As I write this column, I am attending the Five Nations Beef Allliance meetings in Mexico. Cattle industry associations from Canada, the United States, Australia, New Zealand and Mexico make up the Alliance. We get together every 18 months to collaborate on common issues, such as international trade protocols, sustainability issues and environmental challenges and opportunities.
In October, the Canadian Cattlemen s Association (CCA) held its first Town Hall meeting in Prince George, B.C. in conjunction with the B.C. Cattlemen s Association (BCCA). The town hall meetings provide the opportunity for producers to meet CCA executive and managers and hear the latest reports on the many activities the CCA is involved in on behalf of Canada s 83,000 cattle producers. They also provide an opportunity for CCA to hear from our provincial members and producers directly.
The event in Prince George was well attended and provided a good opportunity to meet with producers at a grassroots level. Presentations by CCA executive and managers were well received by participants. The level of engagement from producers, many of whom are BCCA directors and industry leaders in B.C., was impressive. Sponsorship from Farm Credit Canada (FCC) enables the CCA to host town hall meetings across the country.
The CCA also launched the Beef InfoXchange System (BIXS) to cow-calf producers nationwide. The BIXS concept is based on the premise that an improved flow of information between producers and packers can enhance industry competitiveness. The launch marked the successful conclusion of more than two years of effort to advance a concept developed by the CCA into the BIXS program. BIXS also met its goal of opening to cow-calf producers in time for the 2011 fall calf run.
BIXS is an individual animal and carcass data information exchange system developed by the CCA with funding provided through Agriculture and Agri-Food Canada s (AAFC) Agriculture Flexibility Fund. AAFC Minister Gerry Ritz officially announced the funding contribution at the CCA annual meeting in March 2011. To participate in BIXS, go to http://bixs.cattle.ca/.
There has been steady activity on the trade front over the last few months. The Canada/EU trade negotiations continued with the latest round held in Ottawa in October. The CCA has been in regular communication with our negotiators, Ministers and MP s to ensure that the importance of this negotiation to the cattle industry is clearly understood.
The CCA maintains that the Canada-EU Comprehensive Economic and Trade Agreement (CETA) may be the most important new trade opportunity in a generation. Europe is a huge market for beef and we currently have only a share of a small quota. Canada is seeking unlimited duty-free access and resolution of a number of technical restrictions. The small quota we currently share has been administered in a way that has made it difficult for Canadian exporters to access with predictability. We have put forward a suggested methodology change and Minister Ritz raised this issue with German Agriculture Minister Ilse Aigner during a recent trade mission to Germany. Minister Ritz also made clear to his German counterpart the importance of the CETA negotiations and its benefit for Canada s farmers.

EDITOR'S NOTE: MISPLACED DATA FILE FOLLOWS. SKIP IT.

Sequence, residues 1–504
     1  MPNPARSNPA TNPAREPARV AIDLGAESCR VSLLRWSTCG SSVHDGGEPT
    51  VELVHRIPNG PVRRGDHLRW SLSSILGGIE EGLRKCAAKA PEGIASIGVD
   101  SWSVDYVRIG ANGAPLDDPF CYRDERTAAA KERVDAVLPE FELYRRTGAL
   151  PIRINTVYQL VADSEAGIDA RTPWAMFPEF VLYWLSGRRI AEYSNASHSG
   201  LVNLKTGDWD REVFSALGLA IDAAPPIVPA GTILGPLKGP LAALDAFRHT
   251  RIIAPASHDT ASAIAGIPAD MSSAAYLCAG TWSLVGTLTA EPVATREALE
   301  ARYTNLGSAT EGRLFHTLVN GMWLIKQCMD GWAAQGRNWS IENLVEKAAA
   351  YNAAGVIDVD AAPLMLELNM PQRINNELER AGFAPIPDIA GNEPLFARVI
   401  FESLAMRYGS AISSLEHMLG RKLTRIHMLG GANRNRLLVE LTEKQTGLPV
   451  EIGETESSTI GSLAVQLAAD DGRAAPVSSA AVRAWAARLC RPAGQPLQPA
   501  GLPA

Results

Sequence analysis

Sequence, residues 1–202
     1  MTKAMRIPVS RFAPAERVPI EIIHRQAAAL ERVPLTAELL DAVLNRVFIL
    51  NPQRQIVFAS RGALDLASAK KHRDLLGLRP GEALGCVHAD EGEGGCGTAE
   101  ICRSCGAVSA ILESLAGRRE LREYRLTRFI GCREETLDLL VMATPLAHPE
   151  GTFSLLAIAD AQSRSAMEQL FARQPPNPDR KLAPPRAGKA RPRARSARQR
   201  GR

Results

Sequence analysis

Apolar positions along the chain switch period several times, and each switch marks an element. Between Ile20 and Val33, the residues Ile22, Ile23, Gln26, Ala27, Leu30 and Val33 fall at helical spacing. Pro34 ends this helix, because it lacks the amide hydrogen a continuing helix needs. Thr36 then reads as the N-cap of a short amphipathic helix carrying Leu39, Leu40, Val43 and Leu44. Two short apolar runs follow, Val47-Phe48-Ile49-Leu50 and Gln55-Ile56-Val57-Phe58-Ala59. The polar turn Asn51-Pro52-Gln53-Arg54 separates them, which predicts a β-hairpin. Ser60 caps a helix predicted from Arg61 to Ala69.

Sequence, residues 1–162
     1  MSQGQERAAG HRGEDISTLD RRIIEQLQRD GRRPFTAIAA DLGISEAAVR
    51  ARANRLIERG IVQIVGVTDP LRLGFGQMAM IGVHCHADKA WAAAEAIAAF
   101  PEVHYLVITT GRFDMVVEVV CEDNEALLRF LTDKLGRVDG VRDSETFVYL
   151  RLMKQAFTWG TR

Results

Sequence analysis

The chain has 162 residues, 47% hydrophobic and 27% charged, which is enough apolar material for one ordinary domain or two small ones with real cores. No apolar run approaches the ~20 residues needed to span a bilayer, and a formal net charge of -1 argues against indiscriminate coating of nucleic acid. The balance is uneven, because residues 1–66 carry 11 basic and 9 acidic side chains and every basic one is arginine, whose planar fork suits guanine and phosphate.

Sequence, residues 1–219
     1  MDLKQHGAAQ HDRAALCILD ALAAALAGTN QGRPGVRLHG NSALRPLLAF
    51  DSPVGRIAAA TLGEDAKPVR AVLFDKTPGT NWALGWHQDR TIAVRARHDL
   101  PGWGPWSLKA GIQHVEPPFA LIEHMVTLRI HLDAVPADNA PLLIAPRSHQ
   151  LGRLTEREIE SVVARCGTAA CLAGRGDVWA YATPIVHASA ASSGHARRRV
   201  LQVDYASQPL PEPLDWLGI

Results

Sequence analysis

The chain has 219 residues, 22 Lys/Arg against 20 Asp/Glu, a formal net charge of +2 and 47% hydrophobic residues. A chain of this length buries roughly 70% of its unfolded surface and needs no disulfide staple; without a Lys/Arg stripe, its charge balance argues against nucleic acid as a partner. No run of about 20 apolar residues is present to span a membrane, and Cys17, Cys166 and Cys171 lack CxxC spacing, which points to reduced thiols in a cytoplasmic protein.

On the country-of-origin labelling (COOL) issue, the CCA has been actively advancing a potential solution to U.S. industry interests and the U.S. government ahead of the public release of the WTO panel decision.
A number of important agreements and milestones have been reached. Recently, Canada reached an agreement with the U.S. to make Canadian blood meal available in the U.S. market. The agreement removes the last remaining barrier from the 2003 BSE market closure. Vietnam reopened to live breeding cattle, the Canada- Colombia Free Trade Agreement (FTA) came into effect, and Canada reached a science-based technical agreement with South Korea as a step toward restoring market access for Canadian under-30-month (UTM) beef. Under the agreement, Korea agreed to commence UTM shipments by the end of 2011. We are watching the process carefully, and will advise the Canadian government to request the WTO case be reinstated, if the Korean process begins to stall. Of course the full restoration of access for beef products from cattle of all ages to top priority markets is crucial.
We remain very active in Ottawa. The CCA s Annual Fall Picnic on Parliament Hill was a huge success. Included were approximately 100 MPs and 15 Senators, MP and Senator Staff, VIP guests and cattle producers from almost every province across Canada. In addition to the discussions producers engaged in during the picnic, more than 20 meetings were held with MPs and other key influencers. Producers brought forth policy recommendations on issues including market access, suggestions for the next budget, including investment in research and market development, Growing Forward II policy suggestions and other issues.
Many of these issues were raised again when the CCA appeared before the Senate Standing Committee on Agriculture and Forestry to discuss the issues, as well as challenges and opportunities around research and innovation in the Canadian cattle industry.
Even with all the positive news in the industry, significant challenges to our competitiveness remain. On behalf of Canadian cattle producers, the CCA remains committed to pressing for improvements to the competitiveness of the cattle and beef industries.
TravisToews ispresidentof theCanadian Cattlemen s Association